Viana to Logroño
Got up at 7:00 am. I couldn't believe it, but I was the second one up.
It was still dark out so I gathered all my stuff and packed while holding
my small flashlight in my teeth. In a half-hour I was ready to go, just
when the others were dragging themselves out of bed. They must have
been extra tired from the previous day's rain and cold.
Found a bar/cafeteria and ordered some café con leche and a breakfast
bocadillo (little sandwich). Made from a small 3-inch loaf of
bread, they can contain just about anything from meat to fish to vegetables
to a combo. This one had scrambled eggs, mushrooms, and ham. Delicious!
Sort of like an EggMcMuffin -only better. Since my carbo guide doesn't
list bocadillos, I used the same figure as a hamburger bun, 20
grams. (Based on my blood level of 93 at lunch later that day, it seems
to have been a correct assumption.)
As I was leaving the sun came up. The sky was bright blue and partly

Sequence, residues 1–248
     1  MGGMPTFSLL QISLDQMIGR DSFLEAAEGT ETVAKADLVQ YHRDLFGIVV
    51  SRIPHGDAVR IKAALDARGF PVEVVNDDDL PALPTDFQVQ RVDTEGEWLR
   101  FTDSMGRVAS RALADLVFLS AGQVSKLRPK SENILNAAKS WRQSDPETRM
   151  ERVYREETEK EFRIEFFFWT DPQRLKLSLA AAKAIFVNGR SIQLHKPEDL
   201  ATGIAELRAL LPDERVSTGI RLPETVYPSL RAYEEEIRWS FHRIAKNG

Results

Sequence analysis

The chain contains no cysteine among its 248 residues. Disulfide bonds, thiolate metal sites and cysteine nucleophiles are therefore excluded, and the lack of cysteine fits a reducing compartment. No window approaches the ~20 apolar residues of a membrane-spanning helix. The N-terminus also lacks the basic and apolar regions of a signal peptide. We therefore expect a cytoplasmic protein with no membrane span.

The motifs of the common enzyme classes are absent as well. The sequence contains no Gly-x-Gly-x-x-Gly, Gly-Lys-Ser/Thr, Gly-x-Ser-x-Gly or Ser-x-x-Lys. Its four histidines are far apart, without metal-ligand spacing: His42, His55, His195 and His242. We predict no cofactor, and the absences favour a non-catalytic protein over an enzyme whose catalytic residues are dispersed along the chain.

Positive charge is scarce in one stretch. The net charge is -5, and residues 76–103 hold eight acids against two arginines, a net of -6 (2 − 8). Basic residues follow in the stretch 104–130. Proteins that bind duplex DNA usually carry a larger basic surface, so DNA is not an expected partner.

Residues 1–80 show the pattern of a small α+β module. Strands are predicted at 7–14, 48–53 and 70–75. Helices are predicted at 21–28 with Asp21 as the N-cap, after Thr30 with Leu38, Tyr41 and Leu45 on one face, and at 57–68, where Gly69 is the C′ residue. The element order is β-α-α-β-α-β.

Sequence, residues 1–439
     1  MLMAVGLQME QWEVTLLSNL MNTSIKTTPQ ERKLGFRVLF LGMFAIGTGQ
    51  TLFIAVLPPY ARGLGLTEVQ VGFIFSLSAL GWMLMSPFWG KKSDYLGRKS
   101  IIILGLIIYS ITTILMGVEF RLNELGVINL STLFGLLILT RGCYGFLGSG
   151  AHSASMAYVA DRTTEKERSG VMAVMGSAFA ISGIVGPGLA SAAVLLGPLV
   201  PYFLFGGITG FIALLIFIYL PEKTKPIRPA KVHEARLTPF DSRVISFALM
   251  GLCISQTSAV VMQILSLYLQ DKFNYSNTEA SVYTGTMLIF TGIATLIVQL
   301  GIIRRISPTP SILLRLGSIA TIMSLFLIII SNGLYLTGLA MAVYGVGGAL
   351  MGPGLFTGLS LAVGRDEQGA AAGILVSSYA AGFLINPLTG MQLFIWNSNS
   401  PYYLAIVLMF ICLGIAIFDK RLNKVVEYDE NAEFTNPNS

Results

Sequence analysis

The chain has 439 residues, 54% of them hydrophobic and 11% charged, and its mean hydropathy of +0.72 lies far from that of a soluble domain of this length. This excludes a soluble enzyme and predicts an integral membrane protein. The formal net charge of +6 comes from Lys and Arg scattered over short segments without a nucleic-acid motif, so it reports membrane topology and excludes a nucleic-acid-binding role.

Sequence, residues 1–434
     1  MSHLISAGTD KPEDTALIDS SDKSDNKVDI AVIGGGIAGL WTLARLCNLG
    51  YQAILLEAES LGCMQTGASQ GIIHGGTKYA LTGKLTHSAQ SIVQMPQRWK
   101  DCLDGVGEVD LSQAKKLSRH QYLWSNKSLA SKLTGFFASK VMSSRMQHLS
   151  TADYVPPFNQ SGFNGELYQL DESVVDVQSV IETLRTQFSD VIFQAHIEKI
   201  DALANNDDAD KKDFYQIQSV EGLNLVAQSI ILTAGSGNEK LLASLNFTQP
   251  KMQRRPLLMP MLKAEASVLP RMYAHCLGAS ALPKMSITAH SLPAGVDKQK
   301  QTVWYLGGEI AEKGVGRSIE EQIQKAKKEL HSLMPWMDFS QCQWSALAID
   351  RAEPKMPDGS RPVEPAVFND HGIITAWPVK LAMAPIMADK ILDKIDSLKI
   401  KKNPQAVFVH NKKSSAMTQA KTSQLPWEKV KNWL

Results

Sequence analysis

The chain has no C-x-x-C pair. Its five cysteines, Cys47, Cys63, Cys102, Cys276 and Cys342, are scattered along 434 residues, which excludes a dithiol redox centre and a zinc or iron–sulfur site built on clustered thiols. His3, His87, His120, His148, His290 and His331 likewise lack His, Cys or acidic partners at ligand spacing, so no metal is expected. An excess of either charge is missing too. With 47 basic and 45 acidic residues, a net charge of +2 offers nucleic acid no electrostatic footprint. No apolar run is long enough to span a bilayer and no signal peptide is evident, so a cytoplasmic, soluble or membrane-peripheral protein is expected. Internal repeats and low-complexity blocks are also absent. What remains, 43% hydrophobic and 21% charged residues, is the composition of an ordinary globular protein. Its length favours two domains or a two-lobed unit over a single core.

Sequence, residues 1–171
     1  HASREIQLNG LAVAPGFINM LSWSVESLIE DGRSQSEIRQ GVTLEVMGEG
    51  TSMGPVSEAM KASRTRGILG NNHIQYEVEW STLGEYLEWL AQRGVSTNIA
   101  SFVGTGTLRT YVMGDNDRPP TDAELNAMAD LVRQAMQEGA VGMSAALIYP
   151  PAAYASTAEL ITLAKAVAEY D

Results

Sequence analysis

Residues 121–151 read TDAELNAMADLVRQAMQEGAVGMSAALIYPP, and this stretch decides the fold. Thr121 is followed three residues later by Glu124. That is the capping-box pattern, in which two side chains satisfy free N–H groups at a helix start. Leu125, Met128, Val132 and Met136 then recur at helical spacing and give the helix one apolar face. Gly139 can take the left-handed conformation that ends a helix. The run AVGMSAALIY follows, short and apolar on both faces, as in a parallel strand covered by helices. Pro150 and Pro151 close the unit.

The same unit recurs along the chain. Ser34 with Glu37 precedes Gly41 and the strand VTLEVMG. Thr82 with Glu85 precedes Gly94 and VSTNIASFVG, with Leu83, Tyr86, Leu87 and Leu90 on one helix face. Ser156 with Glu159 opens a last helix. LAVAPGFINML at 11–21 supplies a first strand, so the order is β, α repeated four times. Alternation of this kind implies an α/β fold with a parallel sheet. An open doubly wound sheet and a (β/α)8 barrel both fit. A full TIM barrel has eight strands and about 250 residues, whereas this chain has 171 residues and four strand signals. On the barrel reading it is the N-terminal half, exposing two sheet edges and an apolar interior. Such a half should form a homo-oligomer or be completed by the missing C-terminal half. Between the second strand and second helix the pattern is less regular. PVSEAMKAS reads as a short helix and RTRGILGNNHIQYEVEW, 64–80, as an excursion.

cloudy, a welcome relief from the day before. While heading down hill
out of town, I saw a sight that surprised me — the mountains in
the distance were covered in snow. These were in the northwest, and
fortunately I was headed south.
I was so taken aback the snow that I had followed the wrong path. Suddenly
I heard a call from another pilgrim ¡Ten cuidado — los
flechas armaillos! (take care — the yellow arrows). I quickly
got back on track. The track at that point went through some beautiful
gardens which had tomatoes, red peppers, and alcochofas (artichokes-alcochofa
is one of my favorite Spanish words, I love the way it sounds). Near
each garden was a small, single-room building. It's probably where the
gardener takes his siesta to get out of the hot Spanish noonday sun.
In about two hours I reached the outskirts of Logroño. There
the camino changed from a dirt path to a five-foot wide asphalt road.
I don't know why this occurred, but I think it was to encourage the
pilgrims not to get on the highways that encircled the city. I didn't
care what the motive was, I was just glad to be walking on a smooth
surface. The asphalt was red, so I imagined I was getting the red carpet
treatment from the people of Logroño.
Soon, I came to a sign that said I was leaving Navarre and entering
the region of Rioja. This represented the completion of the first phase
of the road to Santiago. For some pilgrims, it's as far as they could
go this year. They will return another year and start up from here.
For me, I hope to go all the way, 615.5 kilometers or 382 miles more.
I won't be writing and transmitting for about four days. So —
see you later.